Tech Insights

From Cobalts to Schmaltz: Chicken Fat for Supercapacitor Electrodes

May 31, 2024 by Jake Hertz

Researchers have transformed chicken fat to make carbon-based electrodes for supercapacitors.

Lithium-ion batteries used in energy storage devices require expensive, environmentally damaging rare earth metals. Additionally, due to their chemical composition, these batteries pose challenges in recycling and disposal. Manufacturing these devices often involves processes with significant carbon footprints. 

In searching for lithium alternatives, researchers at Yeungnam University devised a technique to convert chicken fat into carbon-based electrodes for supercapacitors. The electrodes could offer a solution to sourcing and manufacturing challenges.


Will chicken fat make a better supercapacitor?

Will chicken fat make a better supercapacitor? Image adapted from Canva and Adobe Stock


The Environmental Toll of Energy Storage

Global renewable energy capacity surged by approximately 50 percent in 2023 over the previous year, marking an unprecedented development. While conventional energy storage technologies like supercapacitors, lead-acid, and lithium-ion batteries have facilitated renewable energy integration, they come with negative environmental effects such as resource depletion, hazardous waste generation, and high carbon emissions during manufacturing.


Preparation of supercapacitor electrode with activated carbon

Preparation of supercapacitor electrode with activated carbon. Image used courtesy of Ding et al.


In particular, manufacturing supercapacitors involves producing carbon-based electrodes, typically requiring carbonaceous materials like activated carbon or carbon nanotubes. These materials are derived from fossil fuels or mined using processes that emit greenhouse gases and contribute to environmental degradation. Additionally, the manufacturing process can produce significant carbon emissions due to energy-intensive steps such as heating, drying, pyrolysis, and activation. 

Mining and processing raw materials for supercapacitors also pose environmental threats, including habitat destruction, water pollution, and releasing toxic substances. Supercapacitors’ costly carbon footprint highlights the need for easier, less expensive, sustainable production methods.


Turning Clucks Into Current

Researchers at Yeungnam University in South Korea have addressed the challenge by repurposing chicken fat into carbon-based electrodes for supercapacitors. Their method involved transforming chicken fat into carbon-based electrodes, offering an innovative solution to the increasing demand for storage solutions.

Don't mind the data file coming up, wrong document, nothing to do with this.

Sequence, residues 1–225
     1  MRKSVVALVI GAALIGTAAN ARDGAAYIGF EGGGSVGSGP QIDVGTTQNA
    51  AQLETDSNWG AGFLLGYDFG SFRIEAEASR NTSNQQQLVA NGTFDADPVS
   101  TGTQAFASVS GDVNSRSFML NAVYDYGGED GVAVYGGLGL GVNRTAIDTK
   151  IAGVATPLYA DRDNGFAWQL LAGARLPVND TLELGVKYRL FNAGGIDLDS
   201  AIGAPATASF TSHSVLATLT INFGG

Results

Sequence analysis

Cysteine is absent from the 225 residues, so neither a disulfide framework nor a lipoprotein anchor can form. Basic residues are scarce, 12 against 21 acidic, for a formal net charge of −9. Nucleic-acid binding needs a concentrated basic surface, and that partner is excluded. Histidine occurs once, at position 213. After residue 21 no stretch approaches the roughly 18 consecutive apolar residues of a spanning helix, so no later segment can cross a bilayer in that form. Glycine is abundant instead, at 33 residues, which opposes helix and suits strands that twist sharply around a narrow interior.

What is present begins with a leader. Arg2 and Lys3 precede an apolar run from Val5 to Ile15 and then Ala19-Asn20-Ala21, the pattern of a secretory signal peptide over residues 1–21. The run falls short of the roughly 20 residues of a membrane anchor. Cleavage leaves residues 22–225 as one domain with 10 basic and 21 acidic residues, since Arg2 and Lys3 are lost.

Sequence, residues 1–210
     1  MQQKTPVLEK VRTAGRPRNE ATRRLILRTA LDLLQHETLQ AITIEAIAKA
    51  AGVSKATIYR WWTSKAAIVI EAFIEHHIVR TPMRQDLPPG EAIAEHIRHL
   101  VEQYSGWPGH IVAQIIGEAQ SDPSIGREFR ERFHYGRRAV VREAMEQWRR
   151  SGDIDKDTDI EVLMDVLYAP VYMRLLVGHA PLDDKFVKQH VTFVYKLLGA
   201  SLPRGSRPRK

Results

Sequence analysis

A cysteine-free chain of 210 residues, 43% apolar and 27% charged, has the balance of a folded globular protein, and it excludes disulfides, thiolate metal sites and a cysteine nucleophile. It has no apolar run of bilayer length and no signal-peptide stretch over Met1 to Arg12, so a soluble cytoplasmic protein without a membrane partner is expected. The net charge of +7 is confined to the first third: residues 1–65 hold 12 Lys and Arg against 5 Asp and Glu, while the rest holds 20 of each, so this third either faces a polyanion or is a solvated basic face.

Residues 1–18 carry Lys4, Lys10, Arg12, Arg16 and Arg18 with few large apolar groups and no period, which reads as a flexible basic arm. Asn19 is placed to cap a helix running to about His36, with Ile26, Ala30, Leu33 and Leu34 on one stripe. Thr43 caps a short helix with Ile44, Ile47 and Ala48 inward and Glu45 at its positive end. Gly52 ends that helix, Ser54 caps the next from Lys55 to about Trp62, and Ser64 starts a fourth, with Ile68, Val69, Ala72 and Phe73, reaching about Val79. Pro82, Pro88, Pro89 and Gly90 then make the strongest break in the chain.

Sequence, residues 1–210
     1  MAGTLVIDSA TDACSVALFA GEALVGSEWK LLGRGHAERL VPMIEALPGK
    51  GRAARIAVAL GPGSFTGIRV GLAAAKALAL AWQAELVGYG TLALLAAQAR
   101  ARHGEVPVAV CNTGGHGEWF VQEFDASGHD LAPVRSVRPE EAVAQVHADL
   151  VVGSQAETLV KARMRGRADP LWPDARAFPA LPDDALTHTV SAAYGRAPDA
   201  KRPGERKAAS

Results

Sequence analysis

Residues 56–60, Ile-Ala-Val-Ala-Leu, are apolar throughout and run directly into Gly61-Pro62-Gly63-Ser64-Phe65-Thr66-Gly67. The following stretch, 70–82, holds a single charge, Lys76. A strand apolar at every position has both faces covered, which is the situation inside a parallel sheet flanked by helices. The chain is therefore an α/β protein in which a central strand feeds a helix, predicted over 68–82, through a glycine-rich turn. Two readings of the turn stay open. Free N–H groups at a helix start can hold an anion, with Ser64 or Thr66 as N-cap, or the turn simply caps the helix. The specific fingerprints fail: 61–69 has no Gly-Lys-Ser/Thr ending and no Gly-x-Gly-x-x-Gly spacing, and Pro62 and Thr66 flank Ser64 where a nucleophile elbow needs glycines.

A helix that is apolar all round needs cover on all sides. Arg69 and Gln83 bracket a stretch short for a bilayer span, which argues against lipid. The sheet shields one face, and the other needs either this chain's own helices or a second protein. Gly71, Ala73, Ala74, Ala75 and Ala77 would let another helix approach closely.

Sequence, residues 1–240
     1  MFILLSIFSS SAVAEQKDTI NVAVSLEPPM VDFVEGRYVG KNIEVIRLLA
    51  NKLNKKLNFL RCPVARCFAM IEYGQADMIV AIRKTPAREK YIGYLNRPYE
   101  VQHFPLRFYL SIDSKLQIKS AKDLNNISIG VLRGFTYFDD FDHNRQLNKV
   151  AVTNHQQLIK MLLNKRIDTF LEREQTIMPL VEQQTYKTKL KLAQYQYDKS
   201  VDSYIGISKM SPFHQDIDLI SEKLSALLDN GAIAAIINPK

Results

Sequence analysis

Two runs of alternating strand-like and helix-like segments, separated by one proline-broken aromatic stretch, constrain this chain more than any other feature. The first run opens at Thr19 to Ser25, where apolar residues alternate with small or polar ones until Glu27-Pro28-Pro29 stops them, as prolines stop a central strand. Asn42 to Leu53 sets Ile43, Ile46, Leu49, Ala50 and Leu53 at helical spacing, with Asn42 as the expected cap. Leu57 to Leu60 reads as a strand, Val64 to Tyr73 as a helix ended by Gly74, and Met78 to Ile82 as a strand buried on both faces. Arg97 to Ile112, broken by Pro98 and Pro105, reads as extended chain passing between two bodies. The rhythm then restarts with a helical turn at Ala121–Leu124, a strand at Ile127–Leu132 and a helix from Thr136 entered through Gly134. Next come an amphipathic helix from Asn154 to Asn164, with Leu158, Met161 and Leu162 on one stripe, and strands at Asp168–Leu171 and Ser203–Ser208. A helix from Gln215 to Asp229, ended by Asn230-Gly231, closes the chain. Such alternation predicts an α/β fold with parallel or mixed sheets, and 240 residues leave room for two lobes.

Converting chicken fat to carbon-based electrodes

Converting chicken fat to carbon-based electrodes. Image used courtesy of the authors


The process started with rendering chicken fat using a gas flame pistol and burning the melted oil to collect soot-containing carbon-based nanostructures (CNOs). Electron microscopy revealed that the CNOs resembled concentric graphite rings with uniform spherical lattices. By treating the CNOs with thiourea, the researchers improved their electrical properties, enhancing capacitance, durability, and energy density. 

When carbon nanoparticles treated with thiourea solution (h-CNOs) derived from chicken fat were integrated into the negative electrode of an asymmetric supercapacitor, they exhibited outstanding capacitance, durability, high energy, and power density. A specific capacitance of 261 F/g was achieved, surpassing undoped CNOs’. Furthermore, the h-CNOs exhibited a rate capability of 69% and maintained cycling stability of 97.5% under high current densities. 

The asymmetric supercapacitor, utilizing h-CNOs as the negative electrode and MnCo2S4 (MCS) as the positive electrode, exhibited outstanding energy and power performance at 32.8 Wh/kg and 7350 W/kg. After 5000 cycles, the capacitance retention remained at 97 percent.


An Eco-Friendly Energy Storage Future

The team demonstrated the supercapacitor’s real-world capabilities by charging it and connecting two units to illuminate red, green, and blue LEDs simultaneously. This demonstration highlights the potential benefits of using food waste, such as chicken fat, as a carbon source, advancing the quest for eco-friendly energy solutions. The easy and strategic method of producing novel carbonaceous materials from bio-waste oil, like chicken fat oil, could offer a significant advantage for commercial energy storage devices and revolutionize industrial energy storage production.